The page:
BC Hydro still working to restore power to 330 homes in 70 Mile House

A woman wearing a protective face mask to curb the spread of COVID-19 walks past a mural in Victoria, B.C., on Monday, Dec. 7, 2020. THE CANADIAN PRESS/Marissa Tiel
115 new COVID-19 cases, no new deaths in Interior Health

There are now a total of 4,970 cases in the region

Community consultation is now open regarding disposal of the former Ashcroft Elementary property, which since 2015 has operated as the Ashcroft HUB. (Photo credit: Vicci Weller)
Feedback now sought regarding disposal of Ashcroft Elementary

Residents of the region can have their say about the future of the former AES property

Health Minister Adrian Dix and provincial health officer Dr. Bonnie Henry head for the press theatre at the B.C. legislature for an update on COVID-19, Jan. 7, 2021. (B.C. government)
B.C.’s COVID-19 spread steady with 509 new cases Friday

Hospitalized and critical care cases decline, nine deaths

Seasonal influenza vaccine is administered starting each fall in B.C. and around the world. (Langley Advance Times)
After 30,000 tests, influenza virually nowhere to be found in B.C.

COVID-19 precautions have eliminated seasonal infection

Prime Minister Justin Trudeau listens to a question during a news conference outside Rideau cottage in Ottawa, Friday, January 8, 2021. THE CANADIAN PRESS/Adrian Wyld
Trudeau says Canada’s COVID vaccine plan on track despite Pfizer cutting back deliveries

Canadian officials say country will still likely receive four million doses by the end of March

Jobs Minister Ravi Kahlon shared a handwritten note his son received on Jan. 13, 2021. (Ravi Kahlon/Twitter)
Proud dad moment: B.C. minister’s son, 10, receives handwritten note for act of kindness

North Delta MLA took to Twitter to share a letter his son received from a new kid at school

Lilly and Poppy, two cats owned by Kalmar Cat Hotel ownder Donna Goodenough, both have cerebellAr hypoplasia, a genetic neurological condition that affects their ability to control their muscles and bones. Photo by Alistair Taylor – Campbell River Mirror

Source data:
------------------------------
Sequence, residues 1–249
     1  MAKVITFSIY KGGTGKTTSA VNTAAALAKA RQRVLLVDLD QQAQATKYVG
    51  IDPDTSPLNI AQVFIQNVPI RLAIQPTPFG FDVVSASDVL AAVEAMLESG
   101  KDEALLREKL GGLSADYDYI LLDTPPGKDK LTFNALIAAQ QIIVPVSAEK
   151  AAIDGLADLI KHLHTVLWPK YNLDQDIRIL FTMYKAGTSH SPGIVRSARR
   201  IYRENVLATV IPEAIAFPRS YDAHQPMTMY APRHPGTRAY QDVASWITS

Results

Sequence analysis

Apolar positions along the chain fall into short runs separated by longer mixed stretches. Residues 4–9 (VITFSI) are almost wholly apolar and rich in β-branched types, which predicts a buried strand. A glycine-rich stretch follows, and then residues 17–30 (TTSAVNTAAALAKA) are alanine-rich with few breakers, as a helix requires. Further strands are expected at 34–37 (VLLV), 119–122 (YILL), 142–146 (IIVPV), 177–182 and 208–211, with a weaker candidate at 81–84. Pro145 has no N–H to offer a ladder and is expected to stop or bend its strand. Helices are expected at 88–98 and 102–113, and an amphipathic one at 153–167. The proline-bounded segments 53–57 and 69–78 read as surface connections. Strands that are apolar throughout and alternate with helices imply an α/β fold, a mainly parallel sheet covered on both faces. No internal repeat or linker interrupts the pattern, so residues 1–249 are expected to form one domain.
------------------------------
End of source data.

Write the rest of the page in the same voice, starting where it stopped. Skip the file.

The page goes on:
VIDEO: Wobbly Cats a riot of flailing legs and paws but bundles of love and joy to their owner

Woman urges others to not fear adopting cats with disabilities

A COVID-19 outbreak at Vernon's Heritage Square long-term care home has claimed seven people. (Jennifer Smith - Morning Star)
Two more COVID-19 deaths at Vernon care home

Heritage Square has now lost seven people due to the outbreak

Chief public health officer Dr. Theresa Tam provides an update on the COVID-19 pandemic in Ottawa on Friday, Jan. 8, 2021. THE CANADIAN PRESS/Sean Kilpatrick
Canada’s top doctor says to avoid non-essential travel as B.C. explores legal options

Premier John Horgan says he is seeking legal advice on whether it can limit interprovincial travel

Martin Luther King Jr. addresses the crowd during the march on Washington, D.C., in August of 1963. Courtesy photo
Government reinforces importance of anti-racism act on Black Shirt Day

B.C. Ministers say education “a powerful tool” in the fight for equity and equality

Black Press media file
Port McNeill driver tells police he thought the pandemic meant no breathalyzers

Suspect facing criminal charges after breathalyzer readings in excess of 3.5 times the legal limit

Most Read